Details help pave way for clinicians to provide safe environments for their patients
This article was reviewed by Ella Faktorovich, MD
A great deal of information and misinformation has been in the news about coronavirus disease 2019 (COVID-19) since the disease began to spread rapidly in early 2020.
The best way to sort out the wheat from the chaff, according to Ella Faktorovich, MD, is to rely on studies in the scientific literature to answer questions about transmission.
“Over 5 million coronavirus cases have been reported worldwide to date,” Faktorovich said. “As we begin to reopen our eye care practices, key questions about the virus and the eye need to be answered. This will determine the best ways to resume patient care safely and effectively.” Faktorovich is founder of Pacific Vision Institute in San Francisco, California, and the annual San Francisco Cornea, Cataract, and Refractive Surgery Symposium.
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Those questions are: What is the incidence of conjunctivitis in patients with COVID-19?
Can the ocular surface serve as a reservoir of virus possibly transmissible to others?
Can the ocular surface serve as a portal of entry for COVID-19 virus through aerosolized droplets or hand-eye contact?
Determining the answers will pave the way for clinicians to provide the safest environment for patients and staff.
To answer the above questions, Faktorovich and her research team performed PubMed, bioRxiv, and medRxiv database searches and analyzed the results of studies in peer-reviewed publications (PubMed) and in scientific preprints (bioRxiv, medRxiv) on COVID-19, coronaviruses, and severe acute respiratory syndrome coronavirus 2 (SARS-CoV-2).
Related: The ophthalmic implications of COVID-19: What we know so far
Two studies, one in the New England Journal of Medicine (2020;382:1708-1720) and the other in medRxiv, reported that the incidence of conjunctivitis is low (respective ranges, 0.8% in a study of 1099 patients with confirmed virus examined by nonophthalmologists to 4.68% in a study of 534 symptomatic patients with confirmed virus examined by ophthalmologists).
A case report in the British Journal of Ophthalmology described a patient who presented with bilateral acute conjunctivitis 13 days after symptom onset. Polymerase chain reaction identified the presence of viral RNA isolated from conjunctival swabs.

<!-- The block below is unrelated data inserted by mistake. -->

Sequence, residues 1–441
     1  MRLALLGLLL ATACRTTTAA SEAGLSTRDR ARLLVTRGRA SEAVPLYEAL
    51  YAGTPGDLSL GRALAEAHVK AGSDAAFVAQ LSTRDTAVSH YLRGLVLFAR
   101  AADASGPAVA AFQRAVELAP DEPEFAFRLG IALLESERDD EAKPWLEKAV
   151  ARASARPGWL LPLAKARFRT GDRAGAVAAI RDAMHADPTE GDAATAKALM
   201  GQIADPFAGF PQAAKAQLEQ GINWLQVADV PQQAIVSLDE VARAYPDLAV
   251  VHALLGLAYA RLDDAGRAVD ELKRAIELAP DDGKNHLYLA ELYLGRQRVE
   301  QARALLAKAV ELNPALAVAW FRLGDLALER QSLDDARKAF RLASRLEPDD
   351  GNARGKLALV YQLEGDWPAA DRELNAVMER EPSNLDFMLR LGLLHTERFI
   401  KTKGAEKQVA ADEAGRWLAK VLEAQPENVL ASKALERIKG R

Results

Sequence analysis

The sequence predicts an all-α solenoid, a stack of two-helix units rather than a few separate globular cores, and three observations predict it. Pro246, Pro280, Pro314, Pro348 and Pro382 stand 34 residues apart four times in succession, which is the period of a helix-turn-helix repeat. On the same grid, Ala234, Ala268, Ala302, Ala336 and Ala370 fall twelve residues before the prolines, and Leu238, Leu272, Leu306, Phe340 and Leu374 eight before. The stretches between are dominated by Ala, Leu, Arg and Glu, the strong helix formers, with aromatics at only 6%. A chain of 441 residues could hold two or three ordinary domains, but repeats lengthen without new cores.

A case report in the Annals of Internal Medicine described a patient with viral RNA isolated from conjunctival swabs who presented with conjunctivitis 1 day after symptom onset. COVID-19 was confirmed by nasopharyngeal swab.
A study of 30 patients with confirmed COVID-19 diagnosis in the Journal of Virology found that only 1 patient had conjunctivitis. Viral RNA was isolated from his conjunctiva.
Related: COVID-19 implicated in conjunctivitis
Twenty-nine patients without conjunctivitis were negative for COVID RNA but had sputum tests positive for COVID. Two other reports on medRxiv also described similar findings.
In one of the reports, 2 of 72 patients with confirmed COVID-19 diagnosis had conjunctivitis, 1 of whom tested positive for viral RNA in their conjunctiva. Patients without conjunctivitis tested negative for viral RNA in their conjunctiva.
Additionally, conjunctivitis may be the first presenting sign of COVID-19, with the other—flulike symptoms—quickly following.
The message from this review is that the presence of conjunctivitis should be highly suspicious for the presence of the COVID-19 virus. The examiner should treat these patients as highly infectious, with very high likelihood that they are shedding virus from their ocular surface.
However, patients without conjunctivitis, even if they have other COVID-19 symptoms and should also be treated as highly infectious, are unlikely to harbor viral RNA on their ocular surface.
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How the virus works
Angiotensin-converting enzyme 2 (ACE2) receptors and TMPRSS2 proteins are the portals on the surface of human cells by which the virus enters the cells. Faktorovich explained that these receptors are part of the renin-angiotensin system that is instrumental in regulating fluid and electrolyte homeostasis.
In addition to their presence in lung, intestine, kidney, blood vessels, heart, and brain tissue, they have been identified in the trabecular meshwork, ciliary body, retina, and on human corneal epithelial and conjunctival cells (Journal of Clinical Medicine https://doi.org/10.3390/jcm9051269; https://doi.org/10.1101/2020.05.09.086165; https://doi.org/10.1101/2020.05.09.086165).
However, this raises the question about the low incidence of conjunctivitis compared with respiratory tract infection. Faktorovich pointed out that the density of ACE2 receptors on the ocular surface may be at least 50% lower than in other tissues (Clinical and Experimental Optometry).